A former Apple employee was charged with taking kickbacks, stealing parts, inflating invoices, and causing the company to pay for items and services it never received.
Dhirendra Prasad, 55, conspired with two separate Apple vendors to defraud Apple by taking kickbacks, stealing parts, inflating invoices, and causing the company to pay for items and services it never received, the U.S. Attorney’s Office for the Northern District of California said.
Prasad, who pleaded guilty in November, also acknowledged that he evaded tax on the proceeds of his schemes.
The case focused on Prasad’s employment at Apple from December 2008 through December 2018. He was a buyer for most of that time in Apple’s Global Service Supply Chain.
It was his job to facilitate the process where Apple bought parts to perform warranty repairs on older devices
“Prasad was given substantial discretion to make autonomous decisions to benefit his employer,” prosecutors said in a statement.
“Prasad betrayed this trust, and abused his power to enrich himself at his employer’s expense – all while accepting hundreds-of-thousands of dollars’ worth of compensation from Apple in the form of salary and bonuses,” officials said.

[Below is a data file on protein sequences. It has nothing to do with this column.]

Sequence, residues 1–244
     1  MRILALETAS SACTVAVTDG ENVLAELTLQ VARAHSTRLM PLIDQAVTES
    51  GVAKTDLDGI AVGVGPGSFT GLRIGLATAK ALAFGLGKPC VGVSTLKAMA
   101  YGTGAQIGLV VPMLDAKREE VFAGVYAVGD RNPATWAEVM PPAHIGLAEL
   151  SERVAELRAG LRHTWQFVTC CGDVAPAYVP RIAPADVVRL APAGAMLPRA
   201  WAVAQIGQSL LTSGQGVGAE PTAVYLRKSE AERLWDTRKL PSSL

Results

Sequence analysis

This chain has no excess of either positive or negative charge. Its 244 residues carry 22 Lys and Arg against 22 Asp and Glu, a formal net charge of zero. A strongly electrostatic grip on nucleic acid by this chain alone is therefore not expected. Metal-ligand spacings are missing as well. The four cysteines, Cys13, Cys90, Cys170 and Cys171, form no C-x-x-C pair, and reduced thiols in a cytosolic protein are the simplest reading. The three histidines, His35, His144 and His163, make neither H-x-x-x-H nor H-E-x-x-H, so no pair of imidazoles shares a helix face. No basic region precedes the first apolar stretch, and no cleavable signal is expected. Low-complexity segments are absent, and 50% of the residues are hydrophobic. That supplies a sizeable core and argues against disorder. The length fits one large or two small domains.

He also used his insider knowledge of Apple’s fraud detection practices to avoid being caught for several years.
Splitting the Profits
Prasad will also forfeit $5.5 million worth of assets, pay a judgment of $8.1 million, and restitution of $17.4 million to Apple and $1.9 million to the IRS.
The two company owners, Robert Gary Hansen and Don M. Baker, who engaged in business with Apple were also involved in the scheme, were charged in separate federal cases and pleaded guilty as well.
Prasad had motherboards shipped from Apple to Baker’s company, CTrends. Baker would then have the components of the motherboards harvested while Prasad arranged for Apple to purchase those same components.
Prasad caused Apple to pay the fraudulent invoices, and then he Baker split the proceeds of the fraud.
In 2016, Prasad would have components from Apple’s inventory sent to Hansen’s company, Quality Electronics Distributors, Inc., allowing Hansen to repackage these components and charge Apple for them.
The profit from these purchase orders placed by Prasad was also split between the two. Prasad admitted he began to defraud Apple as early as 2011.
In 2016 Prasad arranged to have components shipped from Apple’s inventory located in a Nevada warehouse to Hansen’s business.
Hansen intercepted the components, removed them from their packaging, placed them in new packaging, and shipped them back to Apple’s warehouse.
Prasad created purchase orders for the components, and Hansen submitted invoices to Apple for them, thus billing Apple for its own components.